Gaetz votes for, then formally nominates, Trump for speaker of the House

The Florida congressman who is refusing Trump's call to back Rep. Kevin McCarthy for speaker of the House cast a vote for the former president instead.

Side-by-side images of Rep. Matt Gaetz and former President Donlad Trump.
Rep. Matt Gaetz and former President Donlad Trump. (Photo illustration: Yahoo News; photos: Evelyn Hockstein/Reuters, Alon Skuy/AFP via Getty Images)

Rep. Matt Gaetz, R-Fla., voted for former President Donald Trump to become the next speaker of the House of Representatives on Thursday as the Republican Party continued to struggle to reach a consensus on who will lead it in that chamber.

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Gaetz, who — along with 20 other right-wing Republican lawmakers — has refused to back Rep. Kevin McCarthy, R-Calif., for the position, is a staunch backer of the former president. But Gaetz has refused to heed Trump's call to support McCarthy and "take the victory" of winning back the House from Democrats in the 2022 midterm elections.

Following Trump's plea on Wednesday to GOP House members to back McCarthy, Gaetz appeared to mock the former president, echoing one of the retorts Trump uses on social media.

"Sad!" Gaetz said in a Wednesday statement about Trump's endorsement of McCarthy. "This changes neither my view of McCarthy, nor Trump, nor my vote."

On Thursday, minutes after Gaetz posted a video clip of himself voting for Trump, Liz Harrington, a spokeswoman for the former president, retweeted it. Hours later, Trump posted a doctored photo on his social media network showing himself sitting in the speaker's chair as President Biden addressed Congress, his mouth open, tongue sticking out.

Gaetz's introduction of Trump's name into the fray came in the seventh round of balloting, though no other Republican stepped forward to join him. McCarthy failed once again in that round to garner enough votes to be named speaker, receiving 201 of the 217 votes he needs. Rep. Hakeem Jeffries, D-N.Y., again received 212 votes from a united Democratic caucus. Rep. Byron Donalds, R-Fla., received 19 votes, while one Republican, Rep. Victoria Spartz of Indiana, voted "present."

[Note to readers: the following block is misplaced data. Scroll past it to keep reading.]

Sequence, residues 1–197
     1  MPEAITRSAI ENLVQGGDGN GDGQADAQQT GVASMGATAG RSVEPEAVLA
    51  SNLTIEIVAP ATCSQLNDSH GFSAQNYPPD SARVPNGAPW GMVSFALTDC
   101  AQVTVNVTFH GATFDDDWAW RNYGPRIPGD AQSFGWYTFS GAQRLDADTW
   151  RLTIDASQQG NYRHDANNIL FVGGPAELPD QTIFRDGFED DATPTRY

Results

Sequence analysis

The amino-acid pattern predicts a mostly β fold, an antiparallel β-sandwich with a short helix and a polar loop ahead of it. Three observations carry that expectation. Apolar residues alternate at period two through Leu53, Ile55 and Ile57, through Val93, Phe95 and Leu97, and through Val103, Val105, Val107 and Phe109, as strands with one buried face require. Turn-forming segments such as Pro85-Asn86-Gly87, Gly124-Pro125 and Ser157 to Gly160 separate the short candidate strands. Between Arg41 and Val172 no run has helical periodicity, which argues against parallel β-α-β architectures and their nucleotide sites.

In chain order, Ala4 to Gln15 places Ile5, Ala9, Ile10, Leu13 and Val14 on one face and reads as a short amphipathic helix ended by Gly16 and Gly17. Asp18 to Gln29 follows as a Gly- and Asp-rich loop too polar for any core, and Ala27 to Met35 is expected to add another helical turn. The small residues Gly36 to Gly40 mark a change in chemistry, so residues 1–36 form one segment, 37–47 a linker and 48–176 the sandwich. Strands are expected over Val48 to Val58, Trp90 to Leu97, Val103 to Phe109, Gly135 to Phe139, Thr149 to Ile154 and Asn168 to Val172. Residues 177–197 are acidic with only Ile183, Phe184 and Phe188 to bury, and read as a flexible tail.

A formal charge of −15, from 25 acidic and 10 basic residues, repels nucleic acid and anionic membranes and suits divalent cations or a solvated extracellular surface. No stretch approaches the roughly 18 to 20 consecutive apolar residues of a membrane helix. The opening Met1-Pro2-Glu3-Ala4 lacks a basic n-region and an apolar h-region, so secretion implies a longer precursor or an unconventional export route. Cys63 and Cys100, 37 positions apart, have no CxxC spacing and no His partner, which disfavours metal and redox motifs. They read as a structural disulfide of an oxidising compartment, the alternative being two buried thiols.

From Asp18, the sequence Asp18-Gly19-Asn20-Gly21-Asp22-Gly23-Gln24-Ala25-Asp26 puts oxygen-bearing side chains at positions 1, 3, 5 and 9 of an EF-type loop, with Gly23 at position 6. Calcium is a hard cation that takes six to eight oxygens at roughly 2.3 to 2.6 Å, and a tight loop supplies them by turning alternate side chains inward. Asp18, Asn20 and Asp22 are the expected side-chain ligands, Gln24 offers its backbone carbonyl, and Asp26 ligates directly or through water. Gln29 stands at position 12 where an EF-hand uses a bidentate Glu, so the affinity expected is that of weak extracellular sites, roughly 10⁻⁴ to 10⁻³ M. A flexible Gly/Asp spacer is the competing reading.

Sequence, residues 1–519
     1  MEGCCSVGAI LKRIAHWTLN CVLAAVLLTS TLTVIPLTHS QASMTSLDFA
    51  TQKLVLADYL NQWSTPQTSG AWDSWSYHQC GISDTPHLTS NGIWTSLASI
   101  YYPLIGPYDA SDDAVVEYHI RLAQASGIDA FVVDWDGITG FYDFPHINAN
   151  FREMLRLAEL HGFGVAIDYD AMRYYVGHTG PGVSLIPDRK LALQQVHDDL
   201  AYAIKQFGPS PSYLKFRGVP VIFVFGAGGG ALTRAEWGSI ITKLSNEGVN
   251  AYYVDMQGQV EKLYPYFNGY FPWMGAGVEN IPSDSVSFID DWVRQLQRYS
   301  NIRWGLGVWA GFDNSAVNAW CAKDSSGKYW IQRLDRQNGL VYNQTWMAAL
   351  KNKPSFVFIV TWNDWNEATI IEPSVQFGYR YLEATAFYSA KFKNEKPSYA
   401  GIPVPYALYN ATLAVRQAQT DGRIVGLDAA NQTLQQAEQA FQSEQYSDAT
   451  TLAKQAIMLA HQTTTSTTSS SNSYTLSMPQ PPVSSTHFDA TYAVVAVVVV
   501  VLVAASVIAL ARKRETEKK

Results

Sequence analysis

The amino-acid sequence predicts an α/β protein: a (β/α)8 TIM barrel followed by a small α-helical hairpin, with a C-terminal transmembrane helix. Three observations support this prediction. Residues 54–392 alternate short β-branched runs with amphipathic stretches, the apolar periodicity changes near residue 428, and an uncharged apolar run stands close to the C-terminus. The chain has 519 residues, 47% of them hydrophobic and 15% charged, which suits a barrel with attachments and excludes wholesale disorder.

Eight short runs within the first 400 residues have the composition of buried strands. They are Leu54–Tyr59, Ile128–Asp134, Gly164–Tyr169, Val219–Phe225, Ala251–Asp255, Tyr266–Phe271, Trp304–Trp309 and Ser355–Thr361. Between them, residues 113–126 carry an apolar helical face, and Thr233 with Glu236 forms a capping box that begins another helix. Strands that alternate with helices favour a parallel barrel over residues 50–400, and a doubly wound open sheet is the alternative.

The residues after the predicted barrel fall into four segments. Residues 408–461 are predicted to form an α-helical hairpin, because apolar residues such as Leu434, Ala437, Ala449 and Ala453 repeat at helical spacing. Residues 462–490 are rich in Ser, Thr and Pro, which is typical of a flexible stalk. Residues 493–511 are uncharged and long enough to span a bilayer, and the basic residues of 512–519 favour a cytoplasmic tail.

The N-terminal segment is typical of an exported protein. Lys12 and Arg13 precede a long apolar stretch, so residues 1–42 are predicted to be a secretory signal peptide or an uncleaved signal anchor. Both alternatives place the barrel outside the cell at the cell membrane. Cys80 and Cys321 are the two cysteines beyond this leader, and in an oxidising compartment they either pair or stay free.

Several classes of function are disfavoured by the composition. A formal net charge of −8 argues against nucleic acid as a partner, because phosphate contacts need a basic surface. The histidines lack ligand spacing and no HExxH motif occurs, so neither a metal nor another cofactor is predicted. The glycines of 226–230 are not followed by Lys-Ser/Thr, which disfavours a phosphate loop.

In the eighth round of voting, Gaetz was once again the only Republican to cast a vote for Trump, but he switched his vote to Rep. Kevin Hern, R-Okla., in the ninth and tenth rounds, neither of which ultimately produced a more favorable outcome for McCarthy.

As the 11th round of voting got underway, Gaetz formally nominated Trump for the speaker position, delivering a speech in which he sharply criticized McCarthy.

"We also have to restore the actual person who ought to be in the speaker's office," Gaetz said in reference to Trump, "not the squatter who is currently there."

Gaetz's speech was met with near total silence, and the Florida lawmaker was, yet again, the only House member to vote for Trump for speaker. When the official vote count was announced, members did react when Trump's single vote was noted.

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There is no law or provision in the U.S. Constitution preventing the appointment of a person to be speaker who is not, or has never been, a member of the House, and Gaetz has long eyed the possibility that it might someday be Trump.

In 2021, he told Yahoo News Reporter Alexander Nazaryan that he was considering a move to try to place Trump in that role.

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